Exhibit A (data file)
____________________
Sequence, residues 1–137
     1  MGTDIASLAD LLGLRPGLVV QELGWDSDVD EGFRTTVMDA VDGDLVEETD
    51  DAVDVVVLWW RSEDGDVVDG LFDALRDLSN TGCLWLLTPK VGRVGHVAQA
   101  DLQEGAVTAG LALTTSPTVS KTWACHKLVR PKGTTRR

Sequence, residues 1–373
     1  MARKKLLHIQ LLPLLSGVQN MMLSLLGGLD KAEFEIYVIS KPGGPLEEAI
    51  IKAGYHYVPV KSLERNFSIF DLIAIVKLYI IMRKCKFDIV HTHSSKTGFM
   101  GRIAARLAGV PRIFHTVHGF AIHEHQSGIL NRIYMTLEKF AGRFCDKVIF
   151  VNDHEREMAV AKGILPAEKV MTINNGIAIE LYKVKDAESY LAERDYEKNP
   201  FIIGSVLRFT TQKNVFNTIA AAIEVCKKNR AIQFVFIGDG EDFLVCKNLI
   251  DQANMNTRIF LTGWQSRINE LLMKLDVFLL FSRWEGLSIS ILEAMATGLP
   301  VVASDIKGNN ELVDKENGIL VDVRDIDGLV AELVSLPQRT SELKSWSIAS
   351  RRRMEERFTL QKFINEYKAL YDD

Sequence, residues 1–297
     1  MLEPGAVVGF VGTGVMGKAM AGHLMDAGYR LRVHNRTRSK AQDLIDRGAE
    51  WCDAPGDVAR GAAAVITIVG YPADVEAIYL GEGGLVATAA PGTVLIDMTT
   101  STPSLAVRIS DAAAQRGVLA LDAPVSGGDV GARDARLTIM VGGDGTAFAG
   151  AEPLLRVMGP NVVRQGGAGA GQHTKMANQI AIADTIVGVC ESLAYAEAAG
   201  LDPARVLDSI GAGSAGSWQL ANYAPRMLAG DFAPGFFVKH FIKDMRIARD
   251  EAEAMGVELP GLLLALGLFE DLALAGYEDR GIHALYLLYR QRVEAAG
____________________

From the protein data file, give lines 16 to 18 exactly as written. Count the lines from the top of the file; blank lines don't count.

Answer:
    51  WCDAPGDVAR GAAAVITIVG YPADVEAIYL GEGGLVATAA PGTVLIDMTT
   101  STPSLAVRIS DAAAQRGVLA LDAPVSGGDV GARDARLTIM VGGDGTAFAG
   151  AEPLLRVMGP NVVRQGGAGA GQHTKMANQI AIADTIVGVC ESLAYAEAAG